Cirrhosis is a late-stage condition resulting from liver disease and its complications. In the beginning of the illness, you may not experience symptoms. Alcoholism, hepatitis, and non-alcoholic fatty liver disease are all examples of common causes. Treatment is determined by the cause of cirrhosis and how much harm has occurred. Let's learn more and how liver and cirrhosis can be gastro issues.
Cirrhosis is the late-stage of liver disease in which the healthy tissue in your liver is replaced with scar tissue. This damages your liver and prevents it from working correctly.
When diseases or conditions injure healthy liver cells, they begin to die and become inflamed. This is followed by cell repair and tissue scarring resulting from the repair process.
The damage to the liver caused by alcohol is irreversible. The build-up of scar tissue obstructs blood flow and slows the liver's capacity to metabolize nutrients, hormones, medications, and natural poisons. It reduces the production of proteins and other molecules produced by the liver. Cirrhosis eventually prevents the liver from functioning effectively. Cirrhosis in its advanced stage is deadly.
Is cirrhosis common?
Cirrhosis of the liver is a problem that about 1 in 400 adults face in the United States. To give some perspective, this means that cirrhosis affects more people than suicide, which was the 10th leading cause of death in 2018. Cirrhosis also commonly manifests itself around age 45 to 54 and causes 26,000 deaths annually.
Who is most at risk for cirrhosis?
The following increases your chance of developing cirrhosis of the liver:
- Alcohol abuse
- Viral hepatitis
- The use of shared needles to administer drugs
- If you have a family member who has had liver disease
- Unprotected relations
Cirrhosis is not an inherited disease; however, some conditions can cause liver damage and lead to cirrhosis.
Is cirrhosis reversible?
No. If you've been diagnosed with cirrhosis, you likely have late-stage liver disease, and the harm that has already been done is irreversible. There are numerous types of liver diseases and complications, some of which can cause cirrhosis. It's possible to slow or stop disease advancement if your liver illness or difficulty is identified early and effectively treated.
Is cirrhosis a death sentence?
While a diagnosis of liver cirrhosis doesn't immediately mean you will die, the condition gradually worsens as scarring increases and liver function declines. If left untreated, your failing liver could become fatal. But there is still hope: You and your doctor will determine if you qualify for a transplant, so you'll be placed on a national waiting list for a new organ.
Cirrhosis has different symptoms depending on how far the disease has progressed. In the early stages, you might not experience any symptoms. If you have them, they tend to be general and could easily be blamed on other diseases or illnesses.
Early symptoms and signs of cirrhosis include:
- Appetite loss
- An unexpected loss of weight
Other symptoms of cirrhosis that may appear as liver function deteriorates include:
- Bruising and bleeding easily
- Skin that becomes itchy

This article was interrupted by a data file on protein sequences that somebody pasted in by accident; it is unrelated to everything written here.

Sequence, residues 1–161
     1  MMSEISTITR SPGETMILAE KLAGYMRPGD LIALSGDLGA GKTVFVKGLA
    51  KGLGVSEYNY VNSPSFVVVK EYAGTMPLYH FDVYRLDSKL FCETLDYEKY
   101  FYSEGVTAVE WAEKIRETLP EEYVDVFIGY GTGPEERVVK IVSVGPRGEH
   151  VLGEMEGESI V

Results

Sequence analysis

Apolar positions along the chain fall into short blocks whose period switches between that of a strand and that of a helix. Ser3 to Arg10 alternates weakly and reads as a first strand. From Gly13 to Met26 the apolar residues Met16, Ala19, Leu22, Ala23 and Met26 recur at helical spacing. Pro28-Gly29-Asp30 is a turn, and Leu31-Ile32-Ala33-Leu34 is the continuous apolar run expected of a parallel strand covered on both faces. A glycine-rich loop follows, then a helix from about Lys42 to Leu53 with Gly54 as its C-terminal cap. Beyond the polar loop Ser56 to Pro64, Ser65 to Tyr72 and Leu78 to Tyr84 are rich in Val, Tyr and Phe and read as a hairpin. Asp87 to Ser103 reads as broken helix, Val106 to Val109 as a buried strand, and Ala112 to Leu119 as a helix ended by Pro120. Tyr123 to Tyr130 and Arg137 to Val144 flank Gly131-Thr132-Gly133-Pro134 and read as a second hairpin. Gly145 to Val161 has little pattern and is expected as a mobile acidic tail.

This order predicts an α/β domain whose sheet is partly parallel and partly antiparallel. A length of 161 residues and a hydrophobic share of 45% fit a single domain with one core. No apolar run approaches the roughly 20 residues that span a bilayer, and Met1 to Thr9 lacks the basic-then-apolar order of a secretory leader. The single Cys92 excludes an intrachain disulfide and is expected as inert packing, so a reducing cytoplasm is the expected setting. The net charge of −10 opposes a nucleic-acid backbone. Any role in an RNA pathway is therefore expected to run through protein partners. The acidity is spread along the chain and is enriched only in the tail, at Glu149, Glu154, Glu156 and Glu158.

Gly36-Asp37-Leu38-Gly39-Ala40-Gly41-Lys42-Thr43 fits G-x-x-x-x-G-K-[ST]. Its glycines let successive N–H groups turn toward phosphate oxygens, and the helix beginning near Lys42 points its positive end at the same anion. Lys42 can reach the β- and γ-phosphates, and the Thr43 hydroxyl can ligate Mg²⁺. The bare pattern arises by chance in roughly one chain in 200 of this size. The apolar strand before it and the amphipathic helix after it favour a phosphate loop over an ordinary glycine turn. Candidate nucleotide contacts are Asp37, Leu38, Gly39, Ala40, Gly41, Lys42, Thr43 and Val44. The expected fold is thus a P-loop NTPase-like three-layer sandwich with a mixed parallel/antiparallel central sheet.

- Edema or swelling in legs, feet, and ankles
- Belly/abdomen fluid build-up (ascites)
- Urine that is brown or orange
- Pale-colored stool
- Blood in stool
- Palms that become red
- Telangiectasias (Spider-like blood vessels that surround small, red spots on your skin)
Common causes of cirrhosis:
- Alcohol abuse
- Hepatitis B and Hepatitis C (Chronic viral infections of the liver)
- Fatty liver associated with diabetes and obesity (non-alcoholic steatohepatitis)
Cirrhosis is a gradual process caused by liver diseases. Liver cells are injured, and if the injury continues, they start to die. Scar tissue replaces the damaged liver cells, causing the liver to not function.
Diagnosis of cirrhosis of the liver?
A history of drug or alcohol abuse, hepatitis B or C, your healthcare provider will consider the possibility you have cirrhosis. Reviewing your medical history, current medications (prescription and over-the-counter), and any supplements or herbal products you take to reach this conclusion.
To diagnose cirrhosis, your provider will need to perform a physical exam as well as order at least one of the following tests:
- Physical exam: Your physician will examine you for signs and symptoms of cirrhosis, such as the appearance of red, spider-like blood vessels on your skin; yellowing of your skin or eyes; bruising on your skin; redness in your palms; swelling, soreness, or pain in your abdomen; and an enlarged, bumpy texture to the lower edge of your liver (the part of your liver below the rib cage that may be felt).
- Blood tests: Your physician may order blood tests to look for signs of liver disease if they suspect cirrhosis. The following are some of the indicators of liver damage:
- Lower-than-average levels of albumin and blood clotting factors in your liver could signify that it has lost its ability to produce these proteins.
- Higher than average levels of liver enzymes indicate potential inflammation.
- Vitamin B12 deficiency: Increased levels of iron (may indicate hemochromatosis).
- The presence of autoantibodies may be an indicator of autoimmune hepatitis or primary biliary cirrhosis.
- A bilirubin level that is too high suggests that the liver isn't working correctly to remove bilirubin from the blood.
- Increased white blood cell count (indicates infection).
- This suggests kidney disease and late-stage cirrhosis.
- Lower levels of sodium may indicate the presence of cirrhosis.
- Alpha-fetoprotein (a protein that is produced from the liver) has increased by a level of 13.8%. This is linked to the presence of liver cancer.